Smilodon chase, or changing our minds while we sketch.

The chase scene with Smilodon and Macrauchenia which appears at the top of this blog’s home page was first conceived as an African scene with the sabertooth Lokotunjailurus in pursuit of some Hipparion horses. Years later I needed to do an illustration of a South American Smilodon hunting (for the “National Geographic book of Prehistoric Mammals”), and I picked up one of the many preliminary sketches I had done for that old scene, and simply replaced Lokotunjailurus for Smilodon and Hipparion for Equus (Amerhippus).

Here is one early sketch for the South American scene, with Smilodon and Equus
Sin título-1

Then I realized that the 2 species shown were North American invaders, would it not be better to include a native South American ungulate in the scene? So I drew Macrauchenia as the target, instead of the horse.

In this next version, Macrauchenia is the sabertooths’ intended victim
Sin título-2

This illustration was intended to fill a double page spread in the book, so the next thing I did was to add more elements in order to fill a horizontal format.

In this third version, a mixed herd of Macrauchenia and horses flees from the surprise attack of the sabertooths
Sin título-3

But at one point I realized that in this composition the book’s gutter would cut the adult Macrauchenia in half, and also the animals would look a bit small in the scene. So I deleted the horses, replaced the right-hand horse for a Macrauchenia, zoomed-in on the scene to bring the animals closer, and shifted the center of the scene slightly to the left so that the gutter spared the main Macrauchenia.

Here is the next version, a zoomed-in composition, minus the horses

Sin título-4

What I did not anticipate was the designer’s decision to include a black band with vertical text on the right-hand margin of the spread. This pushed the whole scene to the left and now it was one of the leaping sabertooths which was nearly severed by the gutter! Back then I was still painting in oils so I could not change the scene. If I had painted it digitally by layers it would have been a relatively simple matter of pushing elements to one or the other side…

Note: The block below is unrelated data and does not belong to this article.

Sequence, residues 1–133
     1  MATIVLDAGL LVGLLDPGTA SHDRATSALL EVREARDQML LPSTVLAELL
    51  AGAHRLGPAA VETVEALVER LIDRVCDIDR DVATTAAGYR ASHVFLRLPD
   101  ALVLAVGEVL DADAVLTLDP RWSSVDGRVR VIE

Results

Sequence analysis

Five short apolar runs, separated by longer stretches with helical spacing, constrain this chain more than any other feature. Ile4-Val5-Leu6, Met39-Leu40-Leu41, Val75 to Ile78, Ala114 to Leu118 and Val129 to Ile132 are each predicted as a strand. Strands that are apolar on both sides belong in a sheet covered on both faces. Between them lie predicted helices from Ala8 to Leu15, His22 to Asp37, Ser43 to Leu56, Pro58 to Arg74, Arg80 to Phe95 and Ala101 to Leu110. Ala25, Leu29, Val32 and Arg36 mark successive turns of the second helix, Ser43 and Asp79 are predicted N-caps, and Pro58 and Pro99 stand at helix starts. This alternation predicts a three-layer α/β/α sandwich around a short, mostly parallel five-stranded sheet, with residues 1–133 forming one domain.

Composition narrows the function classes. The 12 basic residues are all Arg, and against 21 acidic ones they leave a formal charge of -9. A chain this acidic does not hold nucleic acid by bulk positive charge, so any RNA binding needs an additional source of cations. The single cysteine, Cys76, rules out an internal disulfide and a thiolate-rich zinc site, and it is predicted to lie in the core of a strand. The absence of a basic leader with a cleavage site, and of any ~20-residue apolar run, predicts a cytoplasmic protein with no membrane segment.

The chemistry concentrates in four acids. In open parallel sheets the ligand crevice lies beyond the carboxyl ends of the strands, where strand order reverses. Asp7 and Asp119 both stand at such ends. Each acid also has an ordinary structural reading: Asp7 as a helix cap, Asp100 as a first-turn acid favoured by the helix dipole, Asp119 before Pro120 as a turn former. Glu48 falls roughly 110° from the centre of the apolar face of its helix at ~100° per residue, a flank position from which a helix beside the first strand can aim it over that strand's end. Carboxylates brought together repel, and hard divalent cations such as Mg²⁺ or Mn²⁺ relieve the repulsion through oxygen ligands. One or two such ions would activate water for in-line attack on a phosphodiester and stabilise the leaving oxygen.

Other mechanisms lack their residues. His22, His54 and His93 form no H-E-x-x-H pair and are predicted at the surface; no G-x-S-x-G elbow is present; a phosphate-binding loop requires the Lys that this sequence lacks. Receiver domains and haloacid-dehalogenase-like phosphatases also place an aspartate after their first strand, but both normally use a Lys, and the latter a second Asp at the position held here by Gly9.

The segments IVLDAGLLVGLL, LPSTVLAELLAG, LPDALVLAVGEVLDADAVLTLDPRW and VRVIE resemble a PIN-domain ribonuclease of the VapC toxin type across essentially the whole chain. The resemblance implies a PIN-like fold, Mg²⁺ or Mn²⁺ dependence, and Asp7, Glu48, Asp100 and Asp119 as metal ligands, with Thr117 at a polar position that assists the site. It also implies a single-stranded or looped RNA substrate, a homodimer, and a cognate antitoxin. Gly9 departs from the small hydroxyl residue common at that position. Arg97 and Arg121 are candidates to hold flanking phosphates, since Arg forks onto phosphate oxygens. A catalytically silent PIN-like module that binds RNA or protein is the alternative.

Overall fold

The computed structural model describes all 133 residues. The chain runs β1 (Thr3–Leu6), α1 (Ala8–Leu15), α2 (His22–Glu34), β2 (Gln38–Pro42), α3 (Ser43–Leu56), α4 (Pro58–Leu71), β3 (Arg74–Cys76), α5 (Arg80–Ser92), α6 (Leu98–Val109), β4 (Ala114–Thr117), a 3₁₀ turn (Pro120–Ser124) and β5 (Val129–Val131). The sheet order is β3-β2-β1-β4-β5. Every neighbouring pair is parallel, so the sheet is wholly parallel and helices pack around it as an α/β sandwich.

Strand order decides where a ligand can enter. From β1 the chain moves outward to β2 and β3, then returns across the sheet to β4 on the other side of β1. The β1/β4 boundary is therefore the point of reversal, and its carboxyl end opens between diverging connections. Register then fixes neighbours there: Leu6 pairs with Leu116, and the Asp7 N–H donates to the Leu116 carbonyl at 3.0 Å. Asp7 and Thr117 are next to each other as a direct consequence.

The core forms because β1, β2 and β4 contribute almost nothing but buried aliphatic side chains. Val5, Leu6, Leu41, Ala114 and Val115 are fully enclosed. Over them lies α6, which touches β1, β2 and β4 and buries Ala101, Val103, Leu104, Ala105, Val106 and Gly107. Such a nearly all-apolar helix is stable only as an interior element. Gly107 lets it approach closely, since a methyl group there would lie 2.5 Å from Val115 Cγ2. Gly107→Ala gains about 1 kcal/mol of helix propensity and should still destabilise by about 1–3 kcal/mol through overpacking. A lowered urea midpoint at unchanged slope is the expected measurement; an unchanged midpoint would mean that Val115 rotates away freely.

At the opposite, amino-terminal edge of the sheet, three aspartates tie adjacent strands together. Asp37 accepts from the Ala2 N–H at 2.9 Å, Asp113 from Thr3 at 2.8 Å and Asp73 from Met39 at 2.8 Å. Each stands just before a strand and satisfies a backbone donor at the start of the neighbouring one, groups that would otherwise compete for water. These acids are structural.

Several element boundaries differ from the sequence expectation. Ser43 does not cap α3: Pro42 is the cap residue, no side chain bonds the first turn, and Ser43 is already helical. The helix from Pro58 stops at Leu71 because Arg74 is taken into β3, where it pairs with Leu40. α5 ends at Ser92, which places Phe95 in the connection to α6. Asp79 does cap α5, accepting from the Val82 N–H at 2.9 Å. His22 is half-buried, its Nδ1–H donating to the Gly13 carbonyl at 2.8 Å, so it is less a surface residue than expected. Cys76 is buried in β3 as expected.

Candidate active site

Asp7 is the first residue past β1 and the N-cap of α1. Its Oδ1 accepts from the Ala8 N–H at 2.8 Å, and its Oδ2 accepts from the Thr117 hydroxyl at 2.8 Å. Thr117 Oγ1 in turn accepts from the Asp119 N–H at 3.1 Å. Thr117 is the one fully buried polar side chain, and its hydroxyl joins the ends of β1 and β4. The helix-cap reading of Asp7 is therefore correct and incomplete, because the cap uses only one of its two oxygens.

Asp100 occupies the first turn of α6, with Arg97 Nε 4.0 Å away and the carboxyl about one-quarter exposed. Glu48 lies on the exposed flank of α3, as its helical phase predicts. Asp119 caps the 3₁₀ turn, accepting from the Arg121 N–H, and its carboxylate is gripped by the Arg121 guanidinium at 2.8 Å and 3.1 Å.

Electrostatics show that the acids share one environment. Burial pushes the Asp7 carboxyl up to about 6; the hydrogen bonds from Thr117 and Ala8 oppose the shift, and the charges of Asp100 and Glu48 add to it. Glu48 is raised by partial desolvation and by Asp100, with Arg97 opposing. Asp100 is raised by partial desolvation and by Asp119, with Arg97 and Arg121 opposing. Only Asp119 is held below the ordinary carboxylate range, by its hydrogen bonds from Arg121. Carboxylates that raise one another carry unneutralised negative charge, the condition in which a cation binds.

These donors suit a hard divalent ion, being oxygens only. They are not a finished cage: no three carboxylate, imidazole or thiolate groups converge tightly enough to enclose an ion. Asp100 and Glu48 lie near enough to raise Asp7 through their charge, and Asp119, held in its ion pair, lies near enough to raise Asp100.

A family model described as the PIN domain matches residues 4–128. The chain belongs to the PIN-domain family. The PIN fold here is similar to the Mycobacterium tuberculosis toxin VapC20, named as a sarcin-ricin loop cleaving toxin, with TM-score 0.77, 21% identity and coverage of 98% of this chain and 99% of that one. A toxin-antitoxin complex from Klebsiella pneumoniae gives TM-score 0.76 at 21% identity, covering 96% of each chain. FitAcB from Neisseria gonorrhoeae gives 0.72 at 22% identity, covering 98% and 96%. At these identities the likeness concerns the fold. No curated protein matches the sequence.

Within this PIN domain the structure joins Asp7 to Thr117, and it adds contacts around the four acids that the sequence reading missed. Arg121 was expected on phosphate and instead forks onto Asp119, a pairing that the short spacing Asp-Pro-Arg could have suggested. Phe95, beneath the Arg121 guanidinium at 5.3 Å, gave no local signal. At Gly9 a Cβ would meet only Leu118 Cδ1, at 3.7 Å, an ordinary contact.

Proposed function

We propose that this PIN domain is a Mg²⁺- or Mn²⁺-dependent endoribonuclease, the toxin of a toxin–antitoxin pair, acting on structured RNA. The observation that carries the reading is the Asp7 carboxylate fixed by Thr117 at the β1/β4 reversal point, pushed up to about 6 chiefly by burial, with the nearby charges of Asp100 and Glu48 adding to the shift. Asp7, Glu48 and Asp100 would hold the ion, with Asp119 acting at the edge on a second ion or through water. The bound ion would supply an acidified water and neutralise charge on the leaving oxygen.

And here is the finished illustration!

This, by the way, was one of my last oil paintings. Creating so many complex scenes for this book, and doing it all in record time, left me utterly exhausted, and I felt it might be the right time to explore the possibilities of the digital media. And so it was!


Posted on 26/06/2014, in Uncategorized. Bookmark the permalink. 6 Comments.

  1. Danylo Sávio

    Uohh!! Suas ilustraçõs são fantasticas!!! Parabéns!!

  2. This is an awesome post about the lengthy creative process that all artists go through. There have been times when I have done three or four preliminary sketches before completing a “finished” drawing, only to become dis-satisfied with it and revise and re-revise it. In the end, I must have done ten or so drafts before finally sitting back and feeling a sense of accomplishment.

    By the way, your drawings are absolutely amazing, and don’t even get me started on how gorgeous your paintings look. How long does it take you to do one of your drawings – I mean the ones like the clean and polished fourth pencil illustration shown here? I imagine that an expert artist such as yourself can crank one of these out in no time! For me, it would take me weeks, and sometimes months to do something like that. If drawing a scene like this takes me a long time, does that mean that I’m doing something wrong? How can I improve my speed as well as my skill? Any advice would be helpful.

  3. Thanks again for the insight to the artistic process. I was wondering… was it difficult to choose a pelage for the litoptern? I have to assume that it’s tougher since they seem to be such an early offshoot with no close extant relatives.

  4. jrabdale, a clean pencil sketch like the fourth image in this sequence would take me about a day, may be just a morning if there are no distractions. But of course by the time I have reached that stage most of the compositional problems have been solved in the previous versions! If you feel you would like to improve your speed then I would suggest that you make many quick sketches from life, because such an exercise gets your brain and hands used to distil the essence of form and to put it on paper with economy of pencil stroke. Also when you are planning for a composition it is good to make several 5 minute sketches to just get a feeling of where you want to go. Such sketches may use up just half of a legal-pad sheet, and you should feel no pity to throw them away as you proceed with the series!

  5. Sebastian, I have to admit I did not give too much thought to the coat color of Macrauchenia, I just accepted as good the choice made by paleoart master Jay Matternes many years ago! Matternes went for a plain neutral coat which is something you find in many large ungulates belonging to many different extant groups from camels to antelopes to wild ass. As you say, litopterns have no living close relatives so we have no guide to give it any more specific or unusual coat.

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